A recently created machine-learning program accurately identifies COVID-19-related conspiracy theories on social media and models how they evolved over time, according to researchers from the New Mexico-based Los Alamos National Laboratory and University of New Mexico.
The researchers believe they have developed a tool that could someday help public health officials combat misinformation online.
“A lot of machine-learning studies related to misinformation on social media focus on identifying different kinds of conspiracy theories,” said Courtney Shelley, a postdoctoral researcher in the Information Systems and Modeling Group at Los Alamos National Laboratory and co-author of the study that was published recently in the Journal of Medical Internet Research.
Shelley continued, “Instead, we wanted to create a more cohesive understanding of how misinformation changes as it spreads. Because people tend to believe the first message they encounter, public health officials could someday monitor which conspiracy theories are gaining traction on social media and craft factual public information campaigns to preempt widespread acceptance of falsehoods.”
Indeed, throughout the course of the pandemic, social media has played a key, and oftentimes, discouraging role. One recent study from Washington State University found that the more people rely on social media as their main news source the more likely they are to believe misinformation about the pandemic. A Northwestern survey last fall revealed the same finding; namely, that if you get your news from social media, you are more likely to believe misinformation about coronavirus conspiracies, risk factors and preventative treatments.
For this latest study, titled “Thought I’d Share First,” used publicly available, anonymized Twitter data to characterize four COVID-19 conspiracy theory themes and provide context for each through the first five months of the pandemic.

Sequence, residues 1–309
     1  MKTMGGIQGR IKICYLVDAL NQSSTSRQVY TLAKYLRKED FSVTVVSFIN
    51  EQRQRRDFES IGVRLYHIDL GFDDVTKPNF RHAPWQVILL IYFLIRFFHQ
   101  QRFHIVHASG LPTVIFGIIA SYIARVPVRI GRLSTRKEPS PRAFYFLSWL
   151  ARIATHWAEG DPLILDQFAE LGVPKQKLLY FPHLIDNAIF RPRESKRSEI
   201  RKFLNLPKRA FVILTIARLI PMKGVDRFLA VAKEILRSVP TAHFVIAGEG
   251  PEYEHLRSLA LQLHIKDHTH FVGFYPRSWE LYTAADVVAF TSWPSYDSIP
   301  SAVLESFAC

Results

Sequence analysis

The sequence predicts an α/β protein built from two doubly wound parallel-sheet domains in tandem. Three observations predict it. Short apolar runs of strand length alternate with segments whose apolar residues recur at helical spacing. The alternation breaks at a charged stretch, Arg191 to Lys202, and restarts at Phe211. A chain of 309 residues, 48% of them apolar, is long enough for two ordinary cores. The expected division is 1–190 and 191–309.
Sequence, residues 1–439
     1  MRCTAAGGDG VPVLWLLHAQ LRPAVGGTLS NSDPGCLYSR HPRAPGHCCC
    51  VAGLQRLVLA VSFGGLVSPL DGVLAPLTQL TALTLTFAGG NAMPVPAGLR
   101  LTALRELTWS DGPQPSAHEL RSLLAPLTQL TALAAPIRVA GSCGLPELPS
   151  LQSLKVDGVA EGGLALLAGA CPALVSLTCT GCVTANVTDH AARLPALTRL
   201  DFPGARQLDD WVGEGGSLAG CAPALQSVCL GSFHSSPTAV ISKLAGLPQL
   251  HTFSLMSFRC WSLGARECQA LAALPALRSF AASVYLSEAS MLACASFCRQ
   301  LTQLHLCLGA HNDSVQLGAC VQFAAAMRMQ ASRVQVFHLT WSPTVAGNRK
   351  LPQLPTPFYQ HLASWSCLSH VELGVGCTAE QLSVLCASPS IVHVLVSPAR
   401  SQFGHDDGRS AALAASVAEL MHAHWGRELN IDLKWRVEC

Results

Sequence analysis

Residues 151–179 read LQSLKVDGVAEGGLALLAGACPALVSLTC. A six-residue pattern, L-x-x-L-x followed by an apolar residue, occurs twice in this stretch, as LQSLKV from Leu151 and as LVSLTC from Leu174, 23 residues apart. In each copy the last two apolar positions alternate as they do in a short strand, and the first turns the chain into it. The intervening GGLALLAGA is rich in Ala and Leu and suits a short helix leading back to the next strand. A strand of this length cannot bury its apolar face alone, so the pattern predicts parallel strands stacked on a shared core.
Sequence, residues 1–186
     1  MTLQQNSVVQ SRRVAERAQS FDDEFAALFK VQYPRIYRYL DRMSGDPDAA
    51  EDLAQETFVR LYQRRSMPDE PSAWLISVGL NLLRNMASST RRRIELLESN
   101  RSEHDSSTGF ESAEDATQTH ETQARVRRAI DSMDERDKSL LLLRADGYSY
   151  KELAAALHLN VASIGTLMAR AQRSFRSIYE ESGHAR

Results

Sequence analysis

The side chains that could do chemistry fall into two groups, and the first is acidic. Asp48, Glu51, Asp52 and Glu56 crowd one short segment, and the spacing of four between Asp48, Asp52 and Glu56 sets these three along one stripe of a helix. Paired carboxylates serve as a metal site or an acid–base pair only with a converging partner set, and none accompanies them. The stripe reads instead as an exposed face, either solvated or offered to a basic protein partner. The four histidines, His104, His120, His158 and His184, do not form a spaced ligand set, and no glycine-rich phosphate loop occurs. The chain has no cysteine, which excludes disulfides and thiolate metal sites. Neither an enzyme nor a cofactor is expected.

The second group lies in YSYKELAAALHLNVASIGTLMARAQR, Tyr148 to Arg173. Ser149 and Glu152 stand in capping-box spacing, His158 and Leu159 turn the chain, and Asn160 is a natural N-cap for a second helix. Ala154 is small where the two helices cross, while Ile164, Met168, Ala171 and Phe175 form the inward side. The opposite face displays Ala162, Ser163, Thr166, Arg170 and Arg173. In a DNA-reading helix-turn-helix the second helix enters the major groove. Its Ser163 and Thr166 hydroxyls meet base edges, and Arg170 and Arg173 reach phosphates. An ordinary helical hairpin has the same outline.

The four themes the study examined were that: 5G cell towers spread the virus; that the Bill and Melinda Gates Foundation engineered or has otherwise malicious intent related to COVID-19; that the virus was bioengineered or was developed in a laboratory; and that the COVID-19 vaccines, which were then all still in development, would be dangerous.
“We began with a dataset of approximately 1.8 million tweets that contained COVID-19 keywords or were from health-related Twitter accounts,” noted Dax Gerts, a computer scientist also in Los Alamos’ Information Systems and Modeling Group and the study’s co-author. “From this body of data, we identified subsets that matched the four conspiracy theories using pattern filtering, and hand labeled several hundred tweets in each conspiracy theory category to construct training sets.”
Using the data collected for each of the four theories, the team built random forest machine-learning, or artificial intelligence (AI), models that categorized tweets as COVID-19 misinformation or not.
“This allowed us to observe the way individuals talk about these conspiracy theories on social media, and observe changes over time,” said Gerts.
The study showed that misinformation tweets contain more negative sentiment when compared to factual tweets and that conspiracy theories evolve over time, incorporating details from unrelated conspiracy theories as well as real-world events.
For example, the researchers explained, Bill Gates participated in a Reddit “Ask Me Anything” in March 2020, which highlighted Gates-funded research to develop injectable invisible ink that could be used to record vaccinations. Immediately after, there was an increase in the prominence of words associated with vaccine-averse conspiracy theories suggesting the COVID-19 vaccine would secretly microchip individuals for population control.
What’s more, the study found that a supervised learning technique could be used to automatically identify conspiracy theories, and that an unsupervised learning approach—dynamic topic modeling— could be used to explore changes in word importance among topics within each theory.
“It’s important for public health officials to know how conspiracy theories are evolving and gaining traction over time,” said Shelley. “If not, they run the risk of inadvertently publicizing conspiracy theories that might otherwise ‘die on the vine.’ So, knowing how conspiracy theories are changing and perhaps incorporating other theories or real-world events is important when strategizing how to counter them with factual public information campaigns.”